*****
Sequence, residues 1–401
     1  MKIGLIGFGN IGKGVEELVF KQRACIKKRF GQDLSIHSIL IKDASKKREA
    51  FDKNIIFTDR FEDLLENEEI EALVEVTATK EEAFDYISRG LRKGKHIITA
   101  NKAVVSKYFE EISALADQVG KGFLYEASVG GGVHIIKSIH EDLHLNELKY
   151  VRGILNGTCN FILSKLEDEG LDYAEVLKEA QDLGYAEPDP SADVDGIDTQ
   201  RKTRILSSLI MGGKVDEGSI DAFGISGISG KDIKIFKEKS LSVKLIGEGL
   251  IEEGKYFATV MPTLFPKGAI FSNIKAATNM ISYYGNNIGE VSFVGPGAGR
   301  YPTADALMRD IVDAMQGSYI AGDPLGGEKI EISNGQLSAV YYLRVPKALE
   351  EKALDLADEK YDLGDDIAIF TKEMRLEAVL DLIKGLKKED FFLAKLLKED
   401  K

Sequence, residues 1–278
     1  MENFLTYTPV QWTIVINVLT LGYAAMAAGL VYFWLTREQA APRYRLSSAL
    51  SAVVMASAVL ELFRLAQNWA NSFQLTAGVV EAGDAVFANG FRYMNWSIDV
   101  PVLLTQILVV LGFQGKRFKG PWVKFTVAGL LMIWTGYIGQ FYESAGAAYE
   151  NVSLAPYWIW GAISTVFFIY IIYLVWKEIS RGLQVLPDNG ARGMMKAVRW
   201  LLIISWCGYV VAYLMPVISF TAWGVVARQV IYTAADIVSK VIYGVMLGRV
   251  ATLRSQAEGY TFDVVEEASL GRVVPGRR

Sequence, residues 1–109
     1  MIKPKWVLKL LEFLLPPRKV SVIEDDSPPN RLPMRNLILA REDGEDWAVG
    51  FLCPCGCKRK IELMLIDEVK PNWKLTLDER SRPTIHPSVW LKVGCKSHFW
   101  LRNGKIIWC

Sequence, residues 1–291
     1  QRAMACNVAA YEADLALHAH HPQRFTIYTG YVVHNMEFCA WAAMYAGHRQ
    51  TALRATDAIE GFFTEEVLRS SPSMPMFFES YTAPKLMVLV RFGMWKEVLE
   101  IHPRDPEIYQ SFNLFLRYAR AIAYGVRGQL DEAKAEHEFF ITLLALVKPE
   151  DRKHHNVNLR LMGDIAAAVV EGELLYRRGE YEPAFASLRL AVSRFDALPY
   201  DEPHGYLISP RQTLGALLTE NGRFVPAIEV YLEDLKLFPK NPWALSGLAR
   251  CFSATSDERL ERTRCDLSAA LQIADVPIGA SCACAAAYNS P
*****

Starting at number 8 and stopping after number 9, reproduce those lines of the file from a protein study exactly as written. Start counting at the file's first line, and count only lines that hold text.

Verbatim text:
   301  YPTADALMRD IVDAMQGSYI AGDPLGGEKI EISNGQLSAV YYLRVPKALE
   351  EKALDLADEK YDLGDDIAIF TKEMRLEAVL DLIKGLKKED FFLAKLLKED